REO Bank vs. Selling Agent - who has authority to choose buyer?

Asked by Bruce, Chicago, IL Thu Dec 18, 2008

Does a local agent selling REO property for a Bank transfer all paperwork to them when there are buyers??

My logic says that the REO banks give their selling agents the authority to choose a buyer... especially in cases with banks as large as Fannie Mae.

Help the community by answering this question:

+ web reference
Web reference:


Paul Garver, Other Pro, Hinsdale, IL
Thu Dec 18, 2008

Good question. I am a real estate Attorney in the Chicago area and I have dealt with alot of REO transactions and the banks holding them (mainly as a buyer's attorney and in some instances representing the bank itself as the Seller's attorney) and there is one thing I now know... you can throw logic out the window.

OK, maybe that is a little harsh but you get my drift. The problem is that every bank handles this differently, and even the same bank will have different divisions that handle these differently. For example, lets say bank CW for example ... ahem... has a property that they foreclosed on that was a residential property with a residential loan, and sitting right next to it is a property that they foreclosed on that was owned by a builder, and was financed with a construction loan. These two properties will actually be handled by completely different offices of bank CW... perhaps one office in CA and the other in TX, with completely different procedures on how they handle these files and transactions.

My experience tells me that the normal procedure (even though there is no "normal" anymore) is that a loss mitigation specialist or property manager (depending on what the bank calls them) will make the decision on which contract to go with, and the realtor is ethically bound to present all offers presented to them. It usually takes a while for the bank to decide which contract to take (I have had clients wait up to two weeks to get back a signed contract), but most often they get some indication from the bank's realtor that their contract is the one that bank is going with. As I have mentioned in my other posts though, don't be suprised if the bank goes with another contract if in that waiting period to have a contract signed they are presented with a higher priced offer.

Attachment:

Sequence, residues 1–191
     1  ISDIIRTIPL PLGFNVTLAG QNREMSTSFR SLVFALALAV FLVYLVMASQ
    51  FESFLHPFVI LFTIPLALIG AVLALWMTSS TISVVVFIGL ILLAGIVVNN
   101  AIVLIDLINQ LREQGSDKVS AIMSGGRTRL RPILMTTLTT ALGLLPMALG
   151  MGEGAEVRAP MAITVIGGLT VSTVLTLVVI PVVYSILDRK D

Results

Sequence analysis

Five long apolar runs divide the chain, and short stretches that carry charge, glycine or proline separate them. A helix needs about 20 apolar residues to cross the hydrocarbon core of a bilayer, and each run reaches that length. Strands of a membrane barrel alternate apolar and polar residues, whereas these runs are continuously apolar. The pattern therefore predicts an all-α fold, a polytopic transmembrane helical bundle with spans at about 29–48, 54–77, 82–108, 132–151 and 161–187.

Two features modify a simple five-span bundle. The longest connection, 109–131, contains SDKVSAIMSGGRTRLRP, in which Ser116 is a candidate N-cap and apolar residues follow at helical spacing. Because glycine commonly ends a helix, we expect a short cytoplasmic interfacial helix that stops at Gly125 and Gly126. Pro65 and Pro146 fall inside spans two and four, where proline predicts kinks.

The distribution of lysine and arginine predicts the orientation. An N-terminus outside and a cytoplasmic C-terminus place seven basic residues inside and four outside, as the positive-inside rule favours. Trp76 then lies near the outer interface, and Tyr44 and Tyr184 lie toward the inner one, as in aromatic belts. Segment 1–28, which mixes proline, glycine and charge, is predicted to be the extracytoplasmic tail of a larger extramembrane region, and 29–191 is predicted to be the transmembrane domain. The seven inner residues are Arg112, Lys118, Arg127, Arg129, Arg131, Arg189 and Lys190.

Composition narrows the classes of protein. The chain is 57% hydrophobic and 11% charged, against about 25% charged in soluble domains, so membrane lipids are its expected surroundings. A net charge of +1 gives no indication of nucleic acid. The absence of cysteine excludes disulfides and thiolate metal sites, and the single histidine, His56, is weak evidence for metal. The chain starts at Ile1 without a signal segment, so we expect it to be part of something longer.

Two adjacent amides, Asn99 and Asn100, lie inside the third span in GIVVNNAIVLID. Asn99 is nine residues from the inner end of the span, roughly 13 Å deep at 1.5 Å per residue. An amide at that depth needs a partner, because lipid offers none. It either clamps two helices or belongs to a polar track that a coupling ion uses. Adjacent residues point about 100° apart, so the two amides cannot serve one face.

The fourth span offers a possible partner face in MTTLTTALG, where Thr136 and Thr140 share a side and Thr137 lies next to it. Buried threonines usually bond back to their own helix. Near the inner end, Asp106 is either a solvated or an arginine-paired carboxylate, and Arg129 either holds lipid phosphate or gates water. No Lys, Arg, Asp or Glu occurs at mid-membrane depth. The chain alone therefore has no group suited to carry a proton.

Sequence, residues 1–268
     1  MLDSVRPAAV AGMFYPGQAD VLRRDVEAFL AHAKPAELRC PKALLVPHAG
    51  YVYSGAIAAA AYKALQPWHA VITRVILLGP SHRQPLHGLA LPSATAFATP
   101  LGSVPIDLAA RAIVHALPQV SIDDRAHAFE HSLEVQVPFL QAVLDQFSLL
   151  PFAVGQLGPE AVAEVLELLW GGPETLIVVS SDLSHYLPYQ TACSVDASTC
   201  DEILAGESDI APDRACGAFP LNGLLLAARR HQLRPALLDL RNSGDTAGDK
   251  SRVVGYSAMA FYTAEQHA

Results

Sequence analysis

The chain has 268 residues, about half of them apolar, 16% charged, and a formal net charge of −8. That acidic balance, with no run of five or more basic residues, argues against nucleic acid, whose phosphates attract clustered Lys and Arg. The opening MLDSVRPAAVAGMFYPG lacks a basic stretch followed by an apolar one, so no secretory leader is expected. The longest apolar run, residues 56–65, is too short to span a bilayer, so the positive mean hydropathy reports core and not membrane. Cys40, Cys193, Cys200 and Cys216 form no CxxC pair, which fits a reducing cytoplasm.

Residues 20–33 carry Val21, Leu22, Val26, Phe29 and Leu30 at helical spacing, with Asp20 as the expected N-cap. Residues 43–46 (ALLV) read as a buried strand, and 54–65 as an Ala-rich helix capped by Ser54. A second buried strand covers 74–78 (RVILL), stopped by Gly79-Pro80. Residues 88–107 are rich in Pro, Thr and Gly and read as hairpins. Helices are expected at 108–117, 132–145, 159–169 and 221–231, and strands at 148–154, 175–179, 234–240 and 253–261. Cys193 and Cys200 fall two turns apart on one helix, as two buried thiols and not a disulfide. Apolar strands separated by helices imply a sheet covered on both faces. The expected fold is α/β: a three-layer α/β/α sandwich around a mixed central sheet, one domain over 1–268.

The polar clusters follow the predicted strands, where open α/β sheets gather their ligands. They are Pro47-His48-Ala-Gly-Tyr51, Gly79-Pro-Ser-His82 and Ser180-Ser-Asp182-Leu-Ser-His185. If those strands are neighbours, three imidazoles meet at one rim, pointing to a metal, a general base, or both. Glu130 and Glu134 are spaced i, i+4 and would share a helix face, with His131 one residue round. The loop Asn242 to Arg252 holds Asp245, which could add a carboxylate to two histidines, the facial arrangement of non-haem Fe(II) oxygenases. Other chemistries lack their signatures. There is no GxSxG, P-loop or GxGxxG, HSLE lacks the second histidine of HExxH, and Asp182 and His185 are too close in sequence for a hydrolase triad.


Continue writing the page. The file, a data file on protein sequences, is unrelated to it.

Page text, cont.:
Hope that helps. Feel free to call me with any questions 630-789-6833 or email me at

Good luck,

Paul Garver
Web Reference:
3 votes
Christopher…, Agent, Chicago, IL
Fri Jan 9, 2009
Dear Bruce,

I have to agree with most of the posts on this forum. To answer your specific questions, typically the REO bank is the decision maker with respect to which buyer or offer will be accepted. The agent acts simply as that- a broker and facilitator to the transaction. The client and owner of the property is the bank. The paperwork is almost always forwarded to the bank's appropriate department for contract acceptance and handling.

And while most banks are getting a slightly better about their response times with respect to offers on their REO properties, many banks still take an inordinate amount of time to respond. I know folks who have had to wait for up to 12 weeks (unusual but possible) for a response to their offers. Most bank's REO departments were overwhelmed and understaffed at the time that the number of short sales and foreclosures began to accelerate rapidly, and most have started to get their staffing levels more in line with the new demands and volume of financially distressed properties. A long way to say that you should get a relatively timely response to your offers, but don't be surprised if you do have to wait for quite a while for a response.

Don't fall in love with any REO. There will be plenty of others that will come along if you miss out on one. Be patient and follow up with the REO banks about your offers once you've turned them in.

Christopher Thomas
Broker Associate, Sudler Sotheby's International Realty
773-418-0640 (cell)
Web Reference:
0 votes
Wayne Beals, Agent, Chicago, IL
Mon Dec 22, 2008
Hey Bruce,

Agreed with Dp2.

It is unethical for an agent to not present offers to their seller, regardless if the seller is the bank, the government, or an individual.

You will find that buying short sales and REO's requires patience. I'm sure this will change, as many of my short sales deals where the lender has taken too much time to respond, have missed out on better offers. They will get it together eventually because they're loosing money.